Documenting deductions from a security deposit

Landlords in Santa Cruz may approach the dates that tenants vacate their properties with a certain amount of trepidation. They could discover that the properties were poorly maintained, and that extensive repairs (or at the very least, a thorough cleaning) are needed before they can be rented again. Of course, they may expect the tenants to cover those costs through their security deposits. It may come as little surprise to learn, then, that Findlaw lists security deposit disputes as being the common problems between landlords and tenants.

Even in cases where tenants accept that they should be liable for some of the costs to restore a property, they will likely scrutinize their landlords’ use of security deposit money very carefully. Landlords should know, then, exactly what proof of deductions they are required to provide from a security deposit. Per California’s Civil Code, a landlord must provide a tenant with an itemized statement detailing deductions from the tenant’s security deposit within either 60 calendar days prior to the expiration of a fixed-term lease or 21 days after the property was vacated. That statement should detail the services performed to repair and/or clean the unit, or a bill, invoice or receipt for services done by a third party. A bill for any materials used in the cleaning or repair must also be included.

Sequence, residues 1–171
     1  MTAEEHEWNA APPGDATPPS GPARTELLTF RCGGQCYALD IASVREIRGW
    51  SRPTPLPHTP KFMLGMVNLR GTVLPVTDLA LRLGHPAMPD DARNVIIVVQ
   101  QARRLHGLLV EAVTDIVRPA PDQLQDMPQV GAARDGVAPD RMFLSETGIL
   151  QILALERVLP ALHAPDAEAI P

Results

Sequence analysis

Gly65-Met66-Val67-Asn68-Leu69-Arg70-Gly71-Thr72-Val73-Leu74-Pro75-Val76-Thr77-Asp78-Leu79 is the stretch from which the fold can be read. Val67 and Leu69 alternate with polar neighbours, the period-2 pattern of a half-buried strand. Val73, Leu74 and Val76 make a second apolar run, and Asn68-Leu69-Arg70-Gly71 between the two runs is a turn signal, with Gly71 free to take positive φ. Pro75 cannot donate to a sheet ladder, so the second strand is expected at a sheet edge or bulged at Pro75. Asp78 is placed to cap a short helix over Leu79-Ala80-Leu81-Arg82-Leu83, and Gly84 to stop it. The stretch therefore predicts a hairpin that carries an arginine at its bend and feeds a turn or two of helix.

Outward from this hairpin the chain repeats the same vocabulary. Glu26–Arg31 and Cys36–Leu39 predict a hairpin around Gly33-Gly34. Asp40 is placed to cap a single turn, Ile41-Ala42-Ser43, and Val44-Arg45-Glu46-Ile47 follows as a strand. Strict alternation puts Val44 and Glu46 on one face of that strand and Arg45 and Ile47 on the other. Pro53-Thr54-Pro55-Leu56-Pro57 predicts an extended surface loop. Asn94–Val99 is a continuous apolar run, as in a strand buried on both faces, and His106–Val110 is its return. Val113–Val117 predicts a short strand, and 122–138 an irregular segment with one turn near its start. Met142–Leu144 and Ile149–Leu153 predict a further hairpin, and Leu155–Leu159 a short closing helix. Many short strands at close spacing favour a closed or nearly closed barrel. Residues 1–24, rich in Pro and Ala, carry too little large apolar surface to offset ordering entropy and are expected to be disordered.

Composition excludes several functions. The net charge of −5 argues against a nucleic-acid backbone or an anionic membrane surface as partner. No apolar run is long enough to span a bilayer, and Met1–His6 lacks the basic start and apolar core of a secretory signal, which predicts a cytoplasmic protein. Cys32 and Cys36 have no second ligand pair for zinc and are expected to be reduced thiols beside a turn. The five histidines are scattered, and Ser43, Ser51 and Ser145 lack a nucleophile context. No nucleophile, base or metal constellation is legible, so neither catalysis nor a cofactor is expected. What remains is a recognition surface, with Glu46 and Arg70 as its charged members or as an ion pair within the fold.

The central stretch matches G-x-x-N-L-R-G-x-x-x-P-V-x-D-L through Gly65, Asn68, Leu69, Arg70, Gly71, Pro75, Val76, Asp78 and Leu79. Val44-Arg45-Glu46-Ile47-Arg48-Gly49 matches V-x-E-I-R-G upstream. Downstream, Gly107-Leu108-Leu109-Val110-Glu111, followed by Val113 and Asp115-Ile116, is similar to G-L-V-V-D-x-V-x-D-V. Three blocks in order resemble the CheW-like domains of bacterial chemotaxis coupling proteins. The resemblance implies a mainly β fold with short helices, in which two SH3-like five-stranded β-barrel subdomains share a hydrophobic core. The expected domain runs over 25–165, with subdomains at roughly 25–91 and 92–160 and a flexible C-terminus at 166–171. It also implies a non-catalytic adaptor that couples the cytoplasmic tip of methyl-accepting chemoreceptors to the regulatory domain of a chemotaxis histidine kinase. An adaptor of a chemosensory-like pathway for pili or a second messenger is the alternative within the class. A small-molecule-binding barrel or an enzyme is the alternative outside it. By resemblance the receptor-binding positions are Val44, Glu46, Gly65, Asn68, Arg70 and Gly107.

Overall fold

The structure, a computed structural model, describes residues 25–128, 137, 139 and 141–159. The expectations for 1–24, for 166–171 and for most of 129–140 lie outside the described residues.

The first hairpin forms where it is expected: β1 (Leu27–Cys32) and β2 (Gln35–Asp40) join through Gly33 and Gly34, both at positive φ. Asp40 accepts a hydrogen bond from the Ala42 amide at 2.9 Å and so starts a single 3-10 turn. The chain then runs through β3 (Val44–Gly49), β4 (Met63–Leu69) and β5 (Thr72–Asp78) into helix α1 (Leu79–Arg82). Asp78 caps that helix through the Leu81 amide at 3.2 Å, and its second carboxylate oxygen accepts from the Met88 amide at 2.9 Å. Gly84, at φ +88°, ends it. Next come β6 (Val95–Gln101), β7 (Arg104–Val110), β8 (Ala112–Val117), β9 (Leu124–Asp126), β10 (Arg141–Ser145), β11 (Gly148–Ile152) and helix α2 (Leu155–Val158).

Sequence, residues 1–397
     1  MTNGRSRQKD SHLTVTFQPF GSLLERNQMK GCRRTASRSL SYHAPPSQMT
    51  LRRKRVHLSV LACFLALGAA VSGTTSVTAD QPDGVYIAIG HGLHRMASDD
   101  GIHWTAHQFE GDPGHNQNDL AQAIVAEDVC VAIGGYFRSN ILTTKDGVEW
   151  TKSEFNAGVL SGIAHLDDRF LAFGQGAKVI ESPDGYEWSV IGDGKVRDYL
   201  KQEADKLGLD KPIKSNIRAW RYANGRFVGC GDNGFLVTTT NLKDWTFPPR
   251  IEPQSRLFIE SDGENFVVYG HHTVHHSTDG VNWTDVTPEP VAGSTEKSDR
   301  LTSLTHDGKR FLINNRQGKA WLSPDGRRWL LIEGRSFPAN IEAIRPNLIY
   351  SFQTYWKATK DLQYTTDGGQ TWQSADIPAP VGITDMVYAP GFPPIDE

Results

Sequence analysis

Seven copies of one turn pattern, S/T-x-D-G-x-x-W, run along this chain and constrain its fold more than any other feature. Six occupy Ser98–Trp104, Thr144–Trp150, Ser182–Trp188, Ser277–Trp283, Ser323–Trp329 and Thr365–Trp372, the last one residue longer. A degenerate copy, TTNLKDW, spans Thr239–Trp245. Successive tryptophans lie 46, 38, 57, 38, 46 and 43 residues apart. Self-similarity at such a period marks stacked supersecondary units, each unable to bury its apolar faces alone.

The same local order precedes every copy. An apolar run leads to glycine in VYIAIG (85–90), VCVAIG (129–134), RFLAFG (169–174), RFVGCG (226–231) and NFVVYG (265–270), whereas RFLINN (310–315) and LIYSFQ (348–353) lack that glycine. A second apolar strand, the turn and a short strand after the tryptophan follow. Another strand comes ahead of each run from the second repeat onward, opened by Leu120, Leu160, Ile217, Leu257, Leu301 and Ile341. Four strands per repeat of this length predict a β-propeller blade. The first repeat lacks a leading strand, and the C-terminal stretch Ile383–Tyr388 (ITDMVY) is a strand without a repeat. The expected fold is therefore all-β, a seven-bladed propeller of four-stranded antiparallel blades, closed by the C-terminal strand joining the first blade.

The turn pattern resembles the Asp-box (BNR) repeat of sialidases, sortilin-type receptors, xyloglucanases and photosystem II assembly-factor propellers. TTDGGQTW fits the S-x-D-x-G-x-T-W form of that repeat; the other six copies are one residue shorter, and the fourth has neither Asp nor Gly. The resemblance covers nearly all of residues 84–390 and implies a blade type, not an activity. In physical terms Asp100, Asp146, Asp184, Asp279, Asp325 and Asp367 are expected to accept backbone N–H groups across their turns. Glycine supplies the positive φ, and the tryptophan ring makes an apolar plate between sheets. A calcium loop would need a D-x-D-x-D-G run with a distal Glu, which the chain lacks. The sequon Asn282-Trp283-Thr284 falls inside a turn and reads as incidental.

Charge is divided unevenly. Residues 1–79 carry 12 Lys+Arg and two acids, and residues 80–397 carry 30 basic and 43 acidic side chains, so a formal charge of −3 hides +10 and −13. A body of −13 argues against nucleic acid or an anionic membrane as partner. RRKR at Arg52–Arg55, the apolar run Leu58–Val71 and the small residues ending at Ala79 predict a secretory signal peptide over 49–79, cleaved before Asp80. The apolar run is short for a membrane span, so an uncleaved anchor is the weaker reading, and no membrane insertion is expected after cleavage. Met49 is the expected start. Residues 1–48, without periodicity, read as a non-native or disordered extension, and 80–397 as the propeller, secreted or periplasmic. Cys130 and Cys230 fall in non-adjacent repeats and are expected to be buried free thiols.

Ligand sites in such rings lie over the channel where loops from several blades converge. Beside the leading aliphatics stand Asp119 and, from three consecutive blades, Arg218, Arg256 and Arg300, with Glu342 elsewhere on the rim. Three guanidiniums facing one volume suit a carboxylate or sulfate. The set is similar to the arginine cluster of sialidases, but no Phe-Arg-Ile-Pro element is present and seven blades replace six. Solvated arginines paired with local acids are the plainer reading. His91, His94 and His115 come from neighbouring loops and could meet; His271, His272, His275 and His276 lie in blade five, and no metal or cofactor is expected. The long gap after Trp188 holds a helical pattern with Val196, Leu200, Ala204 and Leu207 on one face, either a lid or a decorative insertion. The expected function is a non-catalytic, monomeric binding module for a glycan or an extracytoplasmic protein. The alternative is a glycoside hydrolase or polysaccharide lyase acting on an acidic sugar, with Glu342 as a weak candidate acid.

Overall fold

If needed cleaning or repairs cannot be completed in that time frame, the landowner may deduct a good faith amount to cover them. He or she must then include details of the actual cost after the work is done. A landlord does not need to provide the aforementioned documentation if the cleaning or repair costs are less than $125, or if the tenant agrees to waive the right to receive such documentation in his or her lease.

Share On


Honors and Memberships